Should I Respond to an RFI?

In pursuit of federal business opportunities, we’ve all experienced those moments while midway through a two hundred page solicitation when a revelation hits like an oncoming train – this customer has no idea what this industry is really like. But why is that? Is that fault encumbered upon industry, or on the government? Perhaps fault is to blaming of a word; perhaps limited responses to requests for reliable information is the true cause of the gap in understanding.

Wouldn’t we all like the opportunity to show the federal customer that there is a better way of doing something? A new widely used technology-based solution, up-to-date processes, or efficiency-laden products that are available to replace obsolete systems. The opportunity presents itself more often than most companies realize, or utilize to their benefit.

Requests for Information

Federal customers regularly publish Request(s) for Information (RFIs) for the specific purpose of gathering industry feedback. What an opportunity! That unique product your company has developed, the Commercial-off-the-shelf (COTS) software customization your company does, the industry-recognized processes you employ, the streamlined efficiencies you’ve developed for other customers – this is your opportunity to tell the government about your new-found, or tried-and-true, methodology for accomplishing exactly what it is they’re looking for. Why would you pass that up? You wouldn’t. This is a genuine request for industry feedback! Yes, should should respond to an RFI.

Why Are RFIs Published?

Although not an absolute, RFIs are often published for new products or services that the federal customer is considering. As such, this provides industry with a significant platform for bringing potential contracts to fruition. RFIs are invaluable tools for industry to help shape the government in their formal requirements development, Statements of Work (SOWs) or Performance Work Statements (PWS) content, and initiate the process of implementing real solutions for federal needs.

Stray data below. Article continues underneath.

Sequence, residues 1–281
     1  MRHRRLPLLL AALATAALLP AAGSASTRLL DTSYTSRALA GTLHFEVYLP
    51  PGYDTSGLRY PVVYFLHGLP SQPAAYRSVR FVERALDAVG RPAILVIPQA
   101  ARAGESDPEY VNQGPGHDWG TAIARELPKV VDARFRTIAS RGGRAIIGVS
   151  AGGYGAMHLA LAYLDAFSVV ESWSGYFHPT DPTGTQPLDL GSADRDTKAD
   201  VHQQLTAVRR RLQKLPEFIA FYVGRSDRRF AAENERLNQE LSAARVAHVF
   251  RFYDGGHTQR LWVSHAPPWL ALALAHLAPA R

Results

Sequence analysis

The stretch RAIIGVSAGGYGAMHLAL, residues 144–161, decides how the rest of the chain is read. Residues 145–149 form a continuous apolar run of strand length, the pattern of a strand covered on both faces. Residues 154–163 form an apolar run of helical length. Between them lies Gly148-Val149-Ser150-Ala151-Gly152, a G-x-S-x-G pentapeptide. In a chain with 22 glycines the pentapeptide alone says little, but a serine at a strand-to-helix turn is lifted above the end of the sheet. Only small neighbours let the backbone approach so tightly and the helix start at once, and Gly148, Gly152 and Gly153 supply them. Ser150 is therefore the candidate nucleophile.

Utilize the opportunity to your company’s advantage. Demonstrate reliable case study-type scenarios in which benefits have been realized by your existing customers. Differentiate your company’s proposed solution by showing efficiencies and cost savings potential, coupled with industry-recognized processes, and how they can be utilized to solve the government’s pain points.

By demonstrating how industry options can be beneficial, implementable, and solution-oriented, companies are able to influence next steps and the government has a realistic view of the level of interest available within the contract community. With the federal government’s ever-declining contracting dollars, and ever-increasing needs, solidifying the availability of industry-provided solutions can help push those contracting dollars to companies in the federal marketplace. Your company’s solution could be the deciding factor to move a perpetually behind-the-curve federal customer, into the next generation.

About Skip Blackburn